Baltic countries to boost offshore wind power capacity sevenfold
Eight European Union countries have agreed to increase offshore wind power generation capacity to 20 gigawatts by 2030, as the bloc seeks to decrease dependency on Russian energy.
Nations bordering the Baltic Sea agreed on Tuesday to increase offshore wind capacity sevenfold by the end of the decade.
The agreement was announced at a summit attended by European Commission chief Ursula von der Leyen and ministers and lawmakers from Denmark, Germany, Poland, Lithuania, Latvia, Estonia, Finland and Sweden, which all border the Baltic Sea.
"We share a great potential for offshore wind," Danish prime minister Mette Frederiksen said at an energy summit in Copenhagen. "As long as we depend on fossil fuels, we are vulnerable."
The Baltic Sea currently has 2.8 gigawatts (GW) of offshore wind capacity installed, with almost all of it in Danish and German waters. However, the EU's Nordic countries are still highly dependent on fossil fuel for their energy consumption.
The decision by the Baltic nations has thus been perceived as part of the EU's commitment to wean itself off Russian gas following the invasion of Ukraine, and provide a boost to renewable energy sources, which will, in turn, support the bloc's net-zero targets.
"Putin's attempt to blackmail us with fossil fuels is failing", said von der Leyen.
Before Russia’s invasion of Ukraine, the nation supplied 27 per cent of the EU’s imported oil and 40 per cent of its gas, with the bloc paying around €400bn (£340bn) a year in return. However, following the sanctions imposed by the European bloc, Russia has reduced or halted gas supplies to several countries, driving up energy costs throughout the continent.
"We are the frontline of European energy security", Frederiksen added. "In this war, Putin is using energy as a weapon and has put Europe, as we all know, on the brink of an energy crisis with skyrocketing energy prices."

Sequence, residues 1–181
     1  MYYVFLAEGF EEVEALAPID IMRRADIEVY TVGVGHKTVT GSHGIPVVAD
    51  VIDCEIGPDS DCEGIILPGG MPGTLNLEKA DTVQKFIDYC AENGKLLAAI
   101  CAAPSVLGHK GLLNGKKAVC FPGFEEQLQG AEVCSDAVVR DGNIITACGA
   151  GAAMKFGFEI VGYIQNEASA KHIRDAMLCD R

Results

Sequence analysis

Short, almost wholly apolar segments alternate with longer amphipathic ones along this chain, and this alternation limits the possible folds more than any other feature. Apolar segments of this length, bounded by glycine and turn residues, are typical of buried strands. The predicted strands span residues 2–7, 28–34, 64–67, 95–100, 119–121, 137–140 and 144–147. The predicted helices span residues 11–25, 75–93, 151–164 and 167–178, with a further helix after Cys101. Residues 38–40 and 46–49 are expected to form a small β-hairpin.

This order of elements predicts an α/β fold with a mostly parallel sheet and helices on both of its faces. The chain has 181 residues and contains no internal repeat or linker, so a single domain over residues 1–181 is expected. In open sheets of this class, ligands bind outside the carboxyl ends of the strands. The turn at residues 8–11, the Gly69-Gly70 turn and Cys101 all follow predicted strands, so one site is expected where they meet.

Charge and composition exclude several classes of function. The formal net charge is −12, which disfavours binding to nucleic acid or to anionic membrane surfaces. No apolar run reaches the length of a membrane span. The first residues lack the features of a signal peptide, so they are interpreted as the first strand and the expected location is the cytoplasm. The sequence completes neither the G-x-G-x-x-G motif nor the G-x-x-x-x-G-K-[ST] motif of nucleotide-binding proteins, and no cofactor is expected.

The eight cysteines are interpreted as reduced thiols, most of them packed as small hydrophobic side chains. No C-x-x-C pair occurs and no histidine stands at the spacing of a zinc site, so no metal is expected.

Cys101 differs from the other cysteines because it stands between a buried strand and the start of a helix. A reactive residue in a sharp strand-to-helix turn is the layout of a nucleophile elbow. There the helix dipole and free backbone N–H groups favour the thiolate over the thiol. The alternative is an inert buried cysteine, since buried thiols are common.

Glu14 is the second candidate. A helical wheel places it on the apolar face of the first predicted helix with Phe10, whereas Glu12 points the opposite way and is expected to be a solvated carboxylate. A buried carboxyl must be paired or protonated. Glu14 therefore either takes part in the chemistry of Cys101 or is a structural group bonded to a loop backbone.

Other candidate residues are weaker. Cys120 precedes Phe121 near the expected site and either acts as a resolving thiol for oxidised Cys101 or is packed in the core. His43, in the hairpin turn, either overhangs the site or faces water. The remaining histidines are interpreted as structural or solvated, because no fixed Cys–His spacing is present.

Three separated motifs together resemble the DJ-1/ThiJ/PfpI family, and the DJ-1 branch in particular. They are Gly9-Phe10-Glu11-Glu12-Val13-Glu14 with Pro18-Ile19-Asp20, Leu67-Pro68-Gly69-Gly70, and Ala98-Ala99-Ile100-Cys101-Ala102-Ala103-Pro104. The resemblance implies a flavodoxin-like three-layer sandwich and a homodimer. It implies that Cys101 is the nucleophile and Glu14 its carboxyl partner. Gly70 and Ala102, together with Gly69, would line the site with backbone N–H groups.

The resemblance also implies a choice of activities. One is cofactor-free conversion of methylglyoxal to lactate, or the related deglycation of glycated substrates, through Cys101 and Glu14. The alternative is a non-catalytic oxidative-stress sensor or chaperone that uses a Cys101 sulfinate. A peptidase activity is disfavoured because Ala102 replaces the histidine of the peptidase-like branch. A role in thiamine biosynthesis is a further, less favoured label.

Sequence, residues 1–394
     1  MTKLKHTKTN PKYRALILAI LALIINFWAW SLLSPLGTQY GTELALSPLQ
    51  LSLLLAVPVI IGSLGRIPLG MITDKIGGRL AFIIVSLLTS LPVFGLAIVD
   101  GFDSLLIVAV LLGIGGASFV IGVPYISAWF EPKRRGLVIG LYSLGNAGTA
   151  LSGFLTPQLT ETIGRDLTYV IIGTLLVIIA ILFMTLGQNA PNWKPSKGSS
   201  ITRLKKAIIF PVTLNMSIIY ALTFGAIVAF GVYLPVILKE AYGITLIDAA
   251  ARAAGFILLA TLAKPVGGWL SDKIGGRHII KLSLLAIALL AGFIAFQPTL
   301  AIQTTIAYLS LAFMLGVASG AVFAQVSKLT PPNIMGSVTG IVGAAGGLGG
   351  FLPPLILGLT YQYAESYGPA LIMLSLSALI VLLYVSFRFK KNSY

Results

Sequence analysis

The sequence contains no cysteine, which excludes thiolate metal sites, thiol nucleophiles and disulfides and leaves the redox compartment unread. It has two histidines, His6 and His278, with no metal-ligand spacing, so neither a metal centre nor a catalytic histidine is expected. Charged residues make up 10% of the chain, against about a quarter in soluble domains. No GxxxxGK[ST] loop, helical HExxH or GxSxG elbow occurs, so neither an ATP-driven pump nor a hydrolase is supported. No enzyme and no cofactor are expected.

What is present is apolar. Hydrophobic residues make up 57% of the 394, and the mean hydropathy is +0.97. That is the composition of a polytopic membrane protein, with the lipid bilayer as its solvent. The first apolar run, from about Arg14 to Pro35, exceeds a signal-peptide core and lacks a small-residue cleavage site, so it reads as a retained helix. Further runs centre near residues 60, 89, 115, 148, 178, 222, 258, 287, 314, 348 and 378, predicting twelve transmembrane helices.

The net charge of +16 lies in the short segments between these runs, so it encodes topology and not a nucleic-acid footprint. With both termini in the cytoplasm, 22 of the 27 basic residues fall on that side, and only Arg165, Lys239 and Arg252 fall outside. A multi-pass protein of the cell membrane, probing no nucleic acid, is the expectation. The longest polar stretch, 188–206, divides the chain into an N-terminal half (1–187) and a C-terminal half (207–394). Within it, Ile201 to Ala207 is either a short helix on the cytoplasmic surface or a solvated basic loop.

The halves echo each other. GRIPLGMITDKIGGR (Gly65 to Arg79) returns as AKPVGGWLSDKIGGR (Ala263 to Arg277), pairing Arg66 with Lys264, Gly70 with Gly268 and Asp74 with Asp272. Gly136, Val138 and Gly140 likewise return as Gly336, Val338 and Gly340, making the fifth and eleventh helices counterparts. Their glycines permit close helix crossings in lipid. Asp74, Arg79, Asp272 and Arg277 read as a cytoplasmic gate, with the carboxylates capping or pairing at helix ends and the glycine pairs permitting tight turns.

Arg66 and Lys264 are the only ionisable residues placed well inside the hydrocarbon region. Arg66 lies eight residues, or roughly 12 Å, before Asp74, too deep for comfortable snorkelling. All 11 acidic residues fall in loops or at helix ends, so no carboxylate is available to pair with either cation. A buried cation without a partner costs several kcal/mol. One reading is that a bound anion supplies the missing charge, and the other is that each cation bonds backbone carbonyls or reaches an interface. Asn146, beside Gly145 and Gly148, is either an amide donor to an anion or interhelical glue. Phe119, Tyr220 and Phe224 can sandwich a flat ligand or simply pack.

By 2050, the Baltic Sea's wind energy capacity could be brought to 93GW, the countries said in a statement. However, producing 20GW would be enough to supply electricity to 20 million households, "more than the current wind offshore capacity in the whole of the EU today", according to Frederiksen.
Earlier this week, the EU Commission revealed it is drafting an "emergency intervention" into its energy market, with the goal of regulating the cost of electricity, taking into account the lower price of renewables.
The Commission said in March it wanted to reduce dependence on Russian gas by two-thirds this year, and completely by 2030. It also unveiled a target to increase its share of renewable energy from 40 to 45 per cent by 2030, and to become completely carbon-neutral by 2050.
As part of this commitment, Denmark has announced it would increase its wind capacity off the Baltic Sea island of Bornholm from two to three gigawatts, and link this production to Germany's electricity grid. Last May, Germany, Denmark, the Netherlands and Belgium announced a similar agreement to increase the North Sea's wind power capacity tenfold to 150GW by 2050.
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